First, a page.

Aetna filed an application for rehearing with a subsequent brief raising constitutional questions for the first time, but it was not until the February 1985 filing of a motion to disqualify that Aetna first alleged that Embry's participation was improper.
Two Cases Filed
The charge is based on two bad-faith actions Embry filed against insurance companies. One suit, filed in early 1984 against the Maryland Casualty Company over its failure to pay a claim for a lost mink coat, was settled shortly after its filing, when the company agreed to pay the claim.
The other suit was part of a class action complaint against Blue Cross and Blue Shield of Alabama; Embry alleged the company had intentionally delayed the payment of claims arising from an illness from which his wife died in 1983. The class action was settled last April, with a stipulation by Blue Cross that it "recognizes that some problems have occurred in the past and is determined to minimize them in the future." Embry received what he termed, in a recent interview, "a substantial sum" from Blue Cross to settle the case.
Embry retired from the court in September because of a heart ailment and is currently of counsel to Birmingham's Emond & Vines, a firm specializing in personal injury, malpractice, and product liability actions. He continues to deny an impropriety in his participation in the Aetna decision. As for claims that he was biased against insurance companies, he said, "I voted for the insurance company 17 out of 22 times" during his tenure on the court.
Although Lavoies counsel Goodman said he is optimistic that the Supreme Court will simply deny jurisdiction, he also is confident that if the Court reaches the merits, the Alabama court's decision will be upheld.
As for Aetna's contract clause argument, Goodman responded that the Supreme Court has held over the years that the clause applies only to legislative actions, not to judge-made law. And the Eighth Amendment prohibition on excessive fines, Goodman said, has repeatedly been held to apply only in criminal cases. He called Aetna's attempt to broaden the scope of the amendment to cover civil fines "breathtaking."
"Windfalls for Policy-Holders'
Olson, on the issue of punitive damages, said that such awards are "tending to drive people out of the insurance-writing business." In addition, he said, large punitive damage awards like the one against Aetna are "windfalls for the few policy-holders that ultimately came out of the pockets of other policy-holders."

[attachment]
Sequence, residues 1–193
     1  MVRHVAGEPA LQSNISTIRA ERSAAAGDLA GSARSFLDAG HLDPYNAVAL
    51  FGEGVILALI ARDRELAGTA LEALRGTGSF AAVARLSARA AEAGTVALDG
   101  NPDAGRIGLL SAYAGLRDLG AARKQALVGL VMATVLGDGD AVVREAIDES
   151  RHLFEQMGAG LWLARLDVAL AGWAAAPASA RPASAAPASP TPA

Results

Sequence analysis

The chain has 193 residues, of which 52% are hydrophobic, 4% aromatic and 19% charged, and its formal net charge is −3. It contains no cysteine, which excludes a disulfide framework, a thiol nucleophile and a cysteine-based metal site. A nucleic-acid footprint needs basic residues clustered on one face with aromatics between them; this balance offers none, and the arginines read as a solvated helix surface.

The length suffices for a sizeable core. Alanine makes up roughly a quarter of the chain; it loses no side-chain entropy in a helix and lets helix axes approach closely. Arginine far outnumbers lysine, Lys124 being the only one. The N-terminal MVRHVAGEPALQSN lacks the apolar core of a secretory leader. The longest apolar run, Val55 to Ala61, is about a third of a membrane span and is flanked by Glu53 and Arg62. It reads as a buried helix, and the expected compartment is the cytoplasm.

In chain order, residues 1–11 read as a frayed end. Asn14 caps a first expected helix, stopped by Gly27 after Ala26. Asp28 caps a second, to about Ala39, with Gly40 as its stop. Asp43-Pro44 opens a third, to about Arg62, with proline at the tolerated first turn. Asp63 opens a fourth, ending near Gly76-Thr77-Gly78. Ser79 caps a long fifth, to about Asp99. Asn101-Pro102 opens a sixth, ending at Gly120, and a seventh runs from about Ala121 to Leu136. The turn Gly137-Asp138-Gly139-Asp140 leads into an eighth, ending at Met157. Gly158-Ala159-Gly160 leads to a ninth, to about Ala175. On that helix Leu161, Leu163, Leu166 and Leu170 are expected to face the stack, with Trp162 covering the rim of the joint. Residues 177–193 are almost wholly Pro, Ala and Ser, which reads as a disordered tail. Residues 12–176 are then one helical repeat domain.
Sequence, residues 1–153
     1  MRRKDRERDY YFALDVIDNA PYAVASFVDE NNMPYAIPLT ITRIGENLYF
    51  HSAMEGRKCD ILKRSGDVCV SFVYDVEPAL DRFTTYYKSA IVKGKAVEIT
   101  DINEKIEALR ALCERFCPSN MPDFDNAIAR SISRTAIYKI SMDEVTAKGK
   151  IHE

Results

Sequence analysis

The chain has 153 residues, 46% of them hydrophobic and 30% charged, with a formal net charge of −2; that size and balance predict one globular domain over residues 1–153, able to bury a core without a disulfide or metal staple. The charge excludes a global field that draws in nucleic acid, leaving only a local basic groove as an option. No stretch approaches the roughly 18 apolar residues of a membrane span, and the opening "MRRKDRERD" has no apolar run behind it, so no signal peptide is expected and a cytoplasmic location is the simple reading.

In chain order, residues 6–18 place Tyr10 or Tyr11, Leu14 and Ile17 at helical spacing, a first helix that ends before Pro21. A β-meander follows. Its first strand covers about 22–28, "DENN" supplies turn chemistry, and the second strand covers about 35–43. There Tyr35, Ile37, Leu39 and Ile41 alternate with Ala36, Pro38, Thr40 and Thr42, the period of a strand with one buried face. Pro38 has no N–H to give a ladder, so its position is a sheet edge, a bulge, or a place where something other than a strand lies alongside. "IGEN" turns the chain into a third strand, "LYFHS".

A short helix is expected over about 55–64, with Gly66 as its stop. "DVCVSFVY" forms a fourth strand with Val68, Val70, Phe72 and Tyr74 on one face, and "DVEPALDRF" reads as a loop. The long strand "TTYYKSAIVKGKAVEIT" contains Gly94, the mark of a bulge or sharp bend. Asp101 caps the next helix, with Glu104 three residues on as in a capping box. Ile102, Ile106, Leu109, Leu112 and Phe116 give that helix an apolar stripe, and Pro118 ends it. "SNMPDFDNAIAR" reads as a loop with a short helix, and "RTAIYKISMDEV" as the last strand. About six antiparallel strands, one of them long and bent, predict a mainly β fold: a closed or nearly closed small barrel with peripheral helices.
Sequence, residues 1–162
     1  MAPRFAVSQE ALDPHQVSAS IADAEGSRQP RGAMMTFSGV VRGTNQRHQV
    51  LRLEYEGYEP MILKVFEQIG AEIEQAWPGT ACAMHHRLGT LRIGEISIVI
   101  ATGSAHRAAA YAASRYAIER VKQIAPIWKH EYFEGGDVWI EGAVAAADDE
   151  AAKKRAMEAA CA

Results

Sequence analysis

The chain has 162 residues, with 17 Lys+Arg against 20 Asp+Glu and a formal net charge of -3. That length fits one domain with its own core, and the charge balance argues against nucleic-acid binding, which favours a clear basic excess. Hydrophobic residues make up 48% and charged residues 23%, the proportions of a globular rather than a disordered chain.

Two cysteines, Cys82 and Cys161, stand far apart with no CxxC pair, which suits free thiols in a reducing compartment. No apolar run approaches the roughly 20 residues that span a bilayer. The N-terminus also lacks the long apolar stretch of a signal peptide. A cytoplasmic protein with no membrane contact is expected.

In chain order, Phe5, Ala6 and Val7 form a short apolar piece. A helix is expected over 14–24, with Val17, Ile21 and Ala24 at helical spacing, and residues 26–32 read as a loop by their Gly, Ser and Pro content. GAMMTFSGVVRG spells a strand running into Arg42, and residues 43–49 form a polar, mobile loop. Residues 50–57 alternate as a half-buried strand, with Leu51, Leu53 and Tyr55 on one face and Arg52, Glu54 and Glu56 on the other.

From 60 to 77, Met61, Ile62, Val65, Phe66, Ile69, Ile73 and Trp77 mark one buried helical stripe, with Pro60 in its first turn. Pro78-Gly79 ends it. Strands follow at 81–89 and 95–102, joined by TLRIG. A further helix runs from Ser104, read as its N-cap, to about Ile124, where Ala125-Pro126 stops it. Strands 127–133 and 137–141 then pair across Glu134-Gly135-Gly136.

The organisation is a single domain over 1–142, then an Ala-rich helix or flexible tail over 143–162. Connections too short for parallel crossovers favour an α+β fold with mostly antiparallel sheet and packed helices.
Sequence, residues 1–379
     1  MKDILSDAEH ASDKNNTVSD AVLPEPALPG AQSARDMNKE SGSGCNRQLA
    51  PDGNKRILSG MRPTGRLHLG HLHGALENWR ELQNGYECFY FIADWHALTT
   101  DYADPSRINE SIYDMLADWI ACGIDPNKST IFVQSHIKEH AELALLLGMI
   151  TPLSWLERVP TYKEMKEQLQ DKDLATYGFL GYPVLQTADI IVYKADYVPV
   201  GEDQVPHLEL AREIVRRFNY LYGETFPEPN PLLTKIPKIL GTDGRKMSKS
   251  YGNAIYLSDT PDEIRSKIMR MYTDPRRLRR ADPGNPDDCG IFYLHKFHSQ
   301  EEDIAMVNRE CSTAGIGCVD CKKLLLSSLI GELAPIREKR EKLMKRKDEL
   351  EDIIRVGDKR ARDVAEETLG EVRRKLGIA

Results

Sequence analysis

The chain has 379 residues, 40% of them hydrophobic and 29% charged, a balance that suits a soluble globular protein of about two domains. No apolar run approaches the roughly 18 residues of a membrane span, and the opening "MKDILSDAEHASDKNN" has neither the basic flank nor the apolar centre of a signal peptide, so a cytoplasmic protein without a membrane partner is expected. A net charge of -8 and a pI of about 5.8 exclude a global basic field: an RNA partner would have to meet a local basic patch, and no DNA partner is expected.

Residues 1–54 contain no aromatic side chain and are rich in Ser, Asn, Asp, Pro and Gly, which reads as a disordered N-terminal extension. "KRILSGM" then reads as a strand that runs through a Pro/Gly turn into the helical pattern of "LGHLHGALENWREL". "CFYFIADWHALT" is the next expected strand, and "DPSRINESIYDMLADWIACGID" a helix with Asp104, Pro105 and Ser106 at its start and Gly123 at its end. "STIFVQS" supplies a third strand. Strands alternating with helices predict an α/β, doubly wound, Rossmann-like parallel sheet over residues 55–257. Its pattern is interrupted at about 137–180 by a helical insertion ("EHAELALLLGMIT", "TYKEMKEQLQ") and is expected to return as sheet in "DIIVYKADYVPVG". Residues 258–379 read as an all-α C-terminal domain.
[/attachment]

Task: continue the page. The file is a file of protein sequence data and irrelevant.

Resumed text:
Agreeing that punitive damages awards have grown excessive, Victor E. Schwartz of D.C.'s Crowell & Moring said, "The idea that there's an unlimited amount of money out there has been its apex." Schwartz, a torts expert who has lobbied on behalf of industry for changes in products liability law, said, "The public perception is that the system has turned into a lottery for greed, and that some standards of reasonableness or predictability need to be imposed." Desirable changes, in Schwatz's view, would be to allow civil defendants some of the constitutional protections afforded to criminal defendants, to impose a higher standard than a preponderance of the evidence for cases involving punitive damages, and to let judges set the amount of punitive damages once juries have determined they should be awarded.
But plaintiffs' lawyers say that limiting the amount of punitive damages would represent "an open invitation for abusive practices," as Goodman put it. "If we insulate insurance companies, the result in this case would have been that Aetna would have had to pay $1,600," said Brown. He added that if punitive damages were severely limited, as many insurance companies are suggesting, "if I was an insurance company executive, I'd tell my claims adjuster to deny every claim."
Both Goodman and Brown, however, said that certain caps on punitive damages could be imposed without removing the deterrent effect. Both mentioned a Montana law, cited favorably in one of the amicus briefs supporting Aetna, that limits punitive damages to the greater of $25,000 or 1 percent of the net worth of the defendant. One percent of Aetna's net worth, they pointed out, would be about $40 million.